Suzanne Breen: Odds of a Stormont return after marriage and abortion law changes
Northern Ireland facing dramatic change
The chances of having the Stormont institutions up and running by the autumn were always slim. After events at Westminster, the odds on Arlene and Michelle heading an Executive seem to have gone the same way as Rory McIlroy's hopes at Royal Portrush.
The Northern Ireland (Executive Formation) Bill means provisions on same-sex marriage and abortion will come into effect if devolution isn't restored by October 21.
There appears little incentive whatsoever for Sinn Fein, which wants the law changed on both matters, to reach a deal with the DUP to see a return of the Assembly and Executive by that date.
To do so would mean halting the remarkable progress made at Westminster in the last fortnight to finally bring Northern Ireland legally into line with the rest of the UK, the Republic, and most of western Europe.
The DUP leadership has long realised that fighting same-sex marriage is a lost cause.
Yet the party's top brass still weren't prepared to change policy and risk alienating its traditional base.
Rather, the DUP planned to table a petition of concern in any new Assembly to oppose the move - in the full knowledge that it fell short of the 30 signatures required to be successful.
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On abortion, the party has listened to the heartbreaking stories of Sarah Ewart and others, but refused to budge an inch.
It is notable that during the debate in Parliament on the Northern Ireland Bill amendments, DUP speakers voiced little or no opposition to same-sex marriage, rather focusing their assault on abortion law reform.
With no possibility of the DUP softening its stance on abortion in the near future, Sinn Fein would have to decide that setting the clock back again for abortion rights in Northern Ireland was a price worth paying to restore devolution.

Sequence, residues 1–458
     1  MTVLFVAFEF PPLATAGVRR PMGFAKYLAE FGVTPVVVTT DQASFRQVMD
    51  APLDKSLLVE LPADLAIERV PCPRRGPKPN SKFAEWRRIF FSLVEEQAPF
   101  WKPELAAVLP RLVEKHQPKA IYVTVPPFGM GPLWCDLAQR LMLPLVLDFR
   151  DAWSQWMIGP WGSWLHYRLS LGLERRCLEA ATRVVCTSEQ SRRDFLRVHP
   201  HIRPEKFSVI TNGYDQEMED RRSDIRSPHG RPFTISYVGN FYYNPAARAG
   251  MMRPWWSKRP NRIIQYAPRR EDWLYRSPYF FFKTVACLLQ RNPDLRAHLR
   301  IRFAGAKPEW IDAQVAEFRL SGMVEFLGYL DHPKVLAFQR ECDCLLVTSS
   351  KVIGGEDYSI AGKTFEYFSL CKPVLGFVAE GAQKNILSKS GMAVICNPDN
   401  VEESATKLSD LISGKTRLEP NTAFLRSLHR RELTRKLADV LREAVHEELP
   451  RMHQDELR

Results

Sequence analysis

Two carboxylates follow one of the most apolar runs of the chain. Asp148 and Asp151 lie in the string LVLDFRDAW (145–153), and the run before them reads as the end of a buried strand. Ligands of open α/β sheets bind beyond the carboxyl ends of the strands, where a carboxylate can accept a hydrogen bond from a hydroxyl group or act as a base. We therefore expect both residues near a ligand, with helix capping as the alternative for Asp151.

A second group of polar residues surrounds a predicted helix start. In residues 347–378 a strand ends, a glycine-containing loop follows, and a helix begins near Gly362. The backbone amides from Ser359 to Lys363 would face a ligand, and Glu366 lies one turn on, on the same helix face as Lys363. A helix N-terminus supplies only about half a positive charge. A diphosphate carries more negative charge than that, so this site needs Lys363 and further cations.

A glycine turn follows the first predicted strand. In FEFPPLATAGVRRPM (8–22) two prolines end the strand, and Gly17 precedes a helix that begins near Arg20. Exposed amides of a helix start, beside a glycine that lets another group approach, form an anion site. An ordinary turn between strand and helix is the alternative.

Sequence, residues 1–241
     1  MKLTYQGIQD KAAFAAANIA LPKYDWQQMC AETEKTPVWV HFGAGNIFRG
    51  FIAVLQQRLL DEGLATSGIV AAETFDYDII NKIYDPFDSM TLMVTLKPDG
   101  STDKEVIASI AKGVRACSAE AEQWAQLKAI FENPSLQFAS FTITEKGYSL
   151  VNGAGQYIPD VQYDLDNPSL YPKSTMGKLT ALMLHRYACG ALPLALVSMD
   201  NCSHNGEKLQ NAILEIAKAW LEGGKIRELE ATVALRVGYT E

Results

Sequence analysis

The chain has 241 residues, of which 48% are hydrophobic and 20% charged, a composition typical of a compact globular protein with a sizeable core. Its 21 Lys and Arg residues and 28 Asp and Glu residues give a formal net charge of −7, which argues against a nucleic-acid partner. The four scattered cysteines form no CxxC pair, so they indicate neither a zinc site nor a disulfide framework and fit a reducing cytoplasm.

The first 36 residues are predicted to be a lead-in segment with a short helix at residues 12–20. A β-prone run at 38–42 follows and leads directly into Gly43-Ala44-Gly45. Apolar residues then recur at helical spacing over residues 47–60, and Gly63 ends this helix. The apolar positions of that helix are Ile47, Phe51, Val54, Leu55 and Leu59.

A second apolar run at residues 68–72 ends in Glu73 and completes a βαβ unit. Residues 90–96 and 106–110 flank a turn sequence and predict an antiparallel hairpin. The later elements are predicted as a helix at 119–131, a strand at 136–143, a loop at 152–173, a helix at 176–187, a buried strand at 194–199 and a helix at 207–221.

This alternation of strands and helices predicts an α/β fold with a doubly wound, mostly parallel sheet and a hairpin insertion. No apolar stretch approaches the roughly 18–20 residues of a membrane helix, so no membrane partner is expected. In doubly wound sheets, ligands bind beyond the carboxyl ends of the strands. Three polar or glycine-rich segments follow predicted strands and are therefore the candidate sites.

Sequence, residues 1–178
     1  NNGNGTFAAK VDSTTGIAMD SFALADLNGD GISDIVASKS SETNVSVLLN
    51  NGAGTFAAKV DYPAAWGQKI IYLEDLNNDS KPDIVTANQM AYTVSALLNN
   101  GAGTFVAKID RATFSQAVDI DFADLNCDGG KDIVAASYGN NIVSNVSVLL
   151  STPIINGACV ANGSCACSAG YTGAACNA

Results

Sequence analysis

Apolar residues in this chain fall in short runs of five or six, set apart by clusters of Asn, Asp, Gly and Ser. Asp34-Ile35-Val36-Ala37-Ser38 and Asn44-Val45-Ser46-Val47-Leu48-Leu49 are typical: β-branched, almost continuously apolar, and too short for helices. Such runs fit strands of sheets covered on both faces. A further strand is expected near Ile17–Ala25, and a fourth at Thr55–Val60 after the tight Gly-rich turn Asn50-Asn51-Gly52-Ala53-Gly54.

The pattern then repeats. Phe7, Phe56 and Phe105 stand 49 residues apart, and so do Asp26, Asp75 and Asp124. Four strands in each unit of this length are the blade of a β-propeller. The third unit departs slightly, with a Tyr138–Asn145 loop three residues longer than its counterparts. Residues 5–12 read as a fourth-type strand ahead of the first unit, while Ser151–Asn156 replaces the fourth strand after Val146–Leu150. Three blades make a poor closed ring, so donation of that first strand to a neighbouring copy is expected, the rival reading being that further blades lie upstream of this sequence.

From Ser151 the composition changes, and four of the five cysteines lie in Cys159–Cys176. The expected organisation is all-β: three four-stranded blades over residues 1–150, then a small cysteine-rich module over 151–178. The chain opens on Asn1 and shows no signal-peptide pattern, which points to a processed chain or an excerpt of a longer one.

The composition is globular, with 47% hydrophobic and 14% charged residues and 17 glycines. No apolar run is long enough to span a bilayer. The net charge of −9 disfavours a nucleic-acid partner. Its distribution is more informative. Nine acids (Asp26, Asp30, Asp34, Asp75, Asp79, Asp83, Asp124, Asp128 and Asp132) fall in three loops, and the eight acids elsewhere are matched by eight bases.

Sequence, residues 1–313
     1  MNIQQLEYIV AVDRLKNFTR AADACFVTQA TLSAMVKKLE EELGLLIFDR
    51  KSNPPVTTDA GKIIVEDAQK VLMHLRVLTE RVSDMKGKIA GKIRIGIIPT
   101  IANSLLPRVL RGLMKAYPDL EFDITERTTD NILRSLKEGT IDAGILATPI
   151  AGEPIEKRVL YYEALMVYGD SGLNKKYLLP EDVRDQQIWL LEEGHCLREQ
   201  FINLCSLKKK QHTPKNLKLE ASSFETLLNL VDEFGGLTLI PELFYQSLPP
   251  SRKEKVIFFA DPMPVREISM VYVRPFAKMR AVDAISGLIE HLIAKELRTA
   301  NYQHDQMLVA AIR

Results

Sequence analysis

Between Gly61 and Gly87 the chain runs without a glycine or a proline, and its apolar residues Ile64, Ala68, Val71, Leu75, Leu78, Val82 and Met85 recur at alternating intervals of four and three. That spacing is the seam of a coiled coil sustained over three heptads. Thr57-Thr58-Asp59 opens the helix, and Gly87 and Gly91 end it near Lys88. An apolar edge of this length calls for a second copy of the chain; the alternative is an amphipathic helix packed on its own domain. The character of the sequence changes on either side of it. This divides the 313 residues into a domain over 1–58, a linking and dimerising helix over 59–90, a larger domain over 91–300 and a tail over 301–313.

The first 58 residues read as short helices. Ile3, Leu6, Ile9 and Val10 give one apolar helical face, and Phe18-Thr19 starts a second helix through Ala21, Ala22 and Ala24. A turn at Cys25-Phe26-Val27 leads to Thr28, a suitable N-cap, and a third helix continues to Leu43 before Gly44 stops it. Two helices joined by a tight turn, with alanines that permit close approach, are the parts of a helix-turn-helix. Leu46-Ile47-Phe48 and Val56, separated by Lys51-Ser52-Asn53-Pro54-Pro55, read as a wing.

That seems highly unlikely. Sinn Fein changed its policy on abortion in a blaze of publicity last year. Mary Lou McDonald was one of the most high-profile and effective campaigners in the Republic's referendum campaign.
Celebrating the Yes victory in the poll, Ms McDonald and Michelle O'Neill held aloft a banner declaring 'The North Is Next'. To throw away the chance of making that a reality by returning to government with the DUP within the next three months would be unforgivable in the eyes of many Sinn Fein activists and voters.
It's not like there is much faith in working-class nationalist areas on devolution delivering in other areas.
And yet some Stormont talks sources argue that a breakthrough is still a possibility.
The round-table discussions comprising all five parties have been put on hold to allow for intensive DUP-Sinn Fein bilaterals to continue, involving key figures on both sides.
Newry and Armagh MLA Conor Murphy and the DUP's powerful chief executive Timothy Johnston have been locked in dialogue.
Thursday's round-table discussion was postponed, and further bilaterals will take place next week.
Boris Johnson is set to become the new Tory leader and Prime Minister on Tuesday. The DUP will immediately begin negotiating a fresh 'confidence and supply' agreement with him. Secretary of State Karen Bradley will be replaced.
Brexit uncertainty looms as large as ever and the DUP and Sinn Fein have diametrically opposed positions on the matter.
It remains very hard to imagine a deal to restore devolution emerging against such a backdrop.
Same-sex marriage is on course to be introduced here on January 13, 2020. Abortion will be decriminalised from October 22, with new regulations in place from March 31, 2020.
A deal would jeopardise all that and Sinn Fein would surely be very wary of paying the electoral price that returning to Stormont before the October deadline would entail.
The law change will remove both issues from future talks. Although despite sloganising about women's and gay rights, it must be remembered that Sinn Fein was prepared to go into an Executive in February 2018 without securing either.
Both parties clearly want to get their hands back on the levers of power at Stormont.
But an Irish Language Act remains the major stumbling block.
At a time of dramatic change for Northern Ireland, some things seem set to stay the same for the foreseeable future.